I had wanted to release the Graffiti portion of the website last night, but unfortunately, I didn't. After hanging with my kids for a while, I did two computer caricatures for a woman with whom I work (she asked if I would work on something artsy of her children) and then I hit a brick wall called "fatigue." So I lay on the couch, Da Vinci Code in hand and fell asleep reading.
My daughter read the book about a year ago and told me that I need to read it. Then a friend recommended it to me, knowing my religious stance, and so I've started it.
I'm not too far in yet. Langdon has observed the body and just met Ms. Neveu (sp?).
History is the collective point of view of those who best marketed or offered their points of view. It's not necessarily what actually happened. The subjective nature of memory, screened through our biases and experiences, shade our view. As individuals, we're too small to capture "the truth" ourselves.
At this point in history, I think that a lot of people now notice that the version of events given in the media are not necessarily what happened. What they show may in fact be true, but does it best represent the truth? It's an open question. My opinion is that some reporters are good at getting the gist of the facts to us, and others are obscenely prejudiced and too driven by agenda to be trusted. (I did a fairly robust study of press bias last fall during the election and came away with the assessment that the Associated Press has too many reporters who favor the slant of the Democrats - and as I mentioned, some obscenely so, such as Liz Sidoti.)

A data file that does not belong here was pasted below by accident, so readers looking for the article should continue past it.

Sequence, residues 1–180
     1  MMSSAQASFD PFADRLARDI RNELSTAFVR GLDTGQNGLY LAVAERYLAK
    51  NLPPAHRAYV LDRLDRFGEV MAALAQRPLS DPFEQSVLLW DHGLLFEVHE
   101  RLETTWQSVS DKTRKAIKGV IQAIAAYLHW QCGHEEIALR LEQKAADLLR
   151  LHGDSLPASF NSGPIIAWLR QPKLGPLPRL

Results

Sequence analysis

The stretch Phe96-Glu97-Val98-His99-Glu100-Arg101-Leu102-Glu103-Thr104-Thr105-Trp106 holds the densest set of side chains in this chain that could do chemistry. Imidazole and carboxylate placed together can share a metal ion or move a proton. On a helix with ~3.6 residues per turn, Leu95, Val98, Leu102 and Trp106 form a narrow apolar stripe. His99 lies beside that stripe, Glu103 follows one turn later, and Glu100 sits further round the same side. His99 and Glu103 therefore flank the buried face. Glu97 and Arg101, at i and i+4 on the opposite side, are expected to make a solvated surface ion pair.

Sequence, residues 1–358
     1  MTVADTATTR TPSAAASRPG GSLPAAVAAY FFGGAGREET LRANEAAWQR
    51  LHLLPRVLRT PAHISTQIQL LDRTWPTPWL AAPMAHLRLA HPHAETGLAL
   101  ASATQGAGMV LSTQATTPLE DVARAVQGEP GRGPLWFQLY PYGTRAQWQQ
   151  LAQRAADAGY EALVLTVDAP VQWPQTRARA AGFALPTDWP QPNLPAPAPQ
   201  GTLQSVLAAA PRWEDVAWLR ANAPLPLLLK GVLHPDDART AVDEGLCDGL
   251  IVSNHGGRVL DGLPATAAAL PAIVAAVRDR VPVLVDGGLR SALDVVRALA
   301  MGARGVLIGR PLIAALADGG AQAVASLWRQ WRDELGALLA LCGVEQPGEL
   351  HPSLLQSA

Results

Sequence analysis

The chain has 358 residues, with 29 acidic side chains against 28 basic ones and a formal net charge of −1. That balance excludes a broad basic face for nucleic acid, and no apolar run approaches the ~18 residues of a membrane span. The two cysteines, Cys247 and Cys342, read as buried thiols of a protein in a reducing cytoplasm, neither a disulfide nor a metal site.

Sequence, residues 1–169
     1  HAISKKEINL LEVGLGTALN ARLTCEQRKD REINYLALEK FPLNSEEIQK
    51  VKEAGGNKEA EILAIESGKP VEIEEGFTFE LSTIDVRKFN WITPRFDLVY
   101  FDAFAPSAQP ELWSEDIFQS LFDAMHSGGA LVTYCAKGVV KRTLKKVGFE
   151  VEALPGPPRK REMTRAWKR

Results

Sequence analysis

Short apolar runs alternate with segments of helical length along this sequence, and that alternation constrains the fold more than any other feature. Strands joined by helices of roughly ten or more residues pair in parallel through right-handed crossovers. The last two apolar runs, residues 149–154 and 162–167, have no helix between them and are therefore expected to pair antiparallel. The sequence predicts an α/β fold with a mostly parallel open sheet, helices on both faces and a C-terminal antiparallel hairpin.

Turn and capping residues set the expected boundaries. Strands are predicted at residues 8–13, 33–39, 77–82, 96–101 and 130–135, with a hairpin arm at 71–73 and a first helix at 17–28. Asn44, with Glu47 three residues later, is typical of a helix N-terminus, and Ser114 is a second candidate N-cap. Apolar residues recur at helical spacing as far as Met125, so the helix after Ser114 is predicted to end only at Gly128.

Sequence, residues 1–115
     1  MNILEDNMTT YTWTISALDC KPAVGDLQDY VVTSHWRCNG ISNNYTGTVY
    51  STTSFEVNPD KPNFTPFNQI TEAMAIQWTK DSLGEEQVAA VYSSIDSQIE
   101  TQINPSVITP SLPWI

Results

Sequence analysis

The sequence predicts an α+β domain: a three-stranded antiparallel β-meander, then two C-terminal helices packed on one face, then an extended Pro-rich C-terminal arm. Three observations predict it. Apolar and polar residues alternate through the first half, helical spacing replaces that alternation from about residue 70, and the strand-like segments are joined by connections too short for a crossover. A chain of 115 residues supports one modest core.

My daughter has a deep fascination with history. I've never met a high school student so fluent with information about history as she is. For her, the Da Vinci Code proved riveting. Early church history is a murky topic in many respects, but the translated documents from 2nd and 3rd century forward are fairly available on the web for viewing. You can start with Tertullian and gobble up the writings of those involved in early Christianity.
But I'm quite sure that much has been suppressed. What we know today of early church history is what has been allowed to survive.
I don't know that the truth of early history matters much to a person's elemental faith. I don't expect the book to change my own opinions, but like my daughter, I'm fascinated with Dan Brown's grasp of information.